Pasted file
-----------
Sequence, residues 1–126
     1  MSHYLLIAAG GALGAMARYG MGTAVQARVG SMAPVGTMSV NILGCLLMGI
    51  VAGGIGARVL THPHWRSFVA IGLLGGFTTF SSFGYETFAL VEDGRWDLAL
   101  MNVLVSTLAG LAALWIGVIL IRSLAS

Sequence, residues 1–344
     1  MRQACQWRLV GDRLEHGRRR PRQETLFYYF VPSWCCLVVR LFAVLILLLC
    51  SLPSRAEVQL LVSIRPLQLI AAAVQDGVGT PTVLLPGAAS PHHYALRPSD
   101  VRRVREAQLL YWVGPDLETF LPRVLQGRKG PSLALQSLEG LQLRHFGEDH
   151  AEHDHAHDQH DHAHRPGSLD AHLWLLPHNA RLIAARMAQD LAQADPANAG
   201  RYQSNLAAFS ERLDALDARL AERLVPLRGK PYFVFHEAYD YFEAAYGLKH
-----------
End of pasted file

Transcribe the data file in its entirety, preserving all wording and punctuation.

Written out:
Sequence, residues 1–126
     1  MSHYLLIAAG GALGAMARYG MGTAVQARVG SMAPVGTMSV NILGCLLMGI
    51  VAGGIGARVL THPHWRSFVA IGLLGGFTTF SSFGYETFAL VEDGRWDLAL
   101  MNVLVSTLAG LAALWIGVIL IRSLAS

Sequence, residues 1–344
     1  MRQACQWRLV GDRLEHGRRR PRQETLFYYF VPSWCCLVVR LFAVLILLLC
    51  SLPSRAEVQL LVSIRPLQLI AAAVQDGVGT PTVLLPGAAS PHHYALRPSD
   101  VRRVREAQLL YWVGPDLETF LPRVLQGRKG PSLALQSLEG LQLRHFGEDH
   151  AEHDHAHDQH DHAHRPGSLD AHLWLLPHNA RLIAARMAQD LAQADPANAG
   201  RYQSNLAAFS ERLDALDARL AERLVPLRGK PYFVFHEAYD YFEAAYGLKH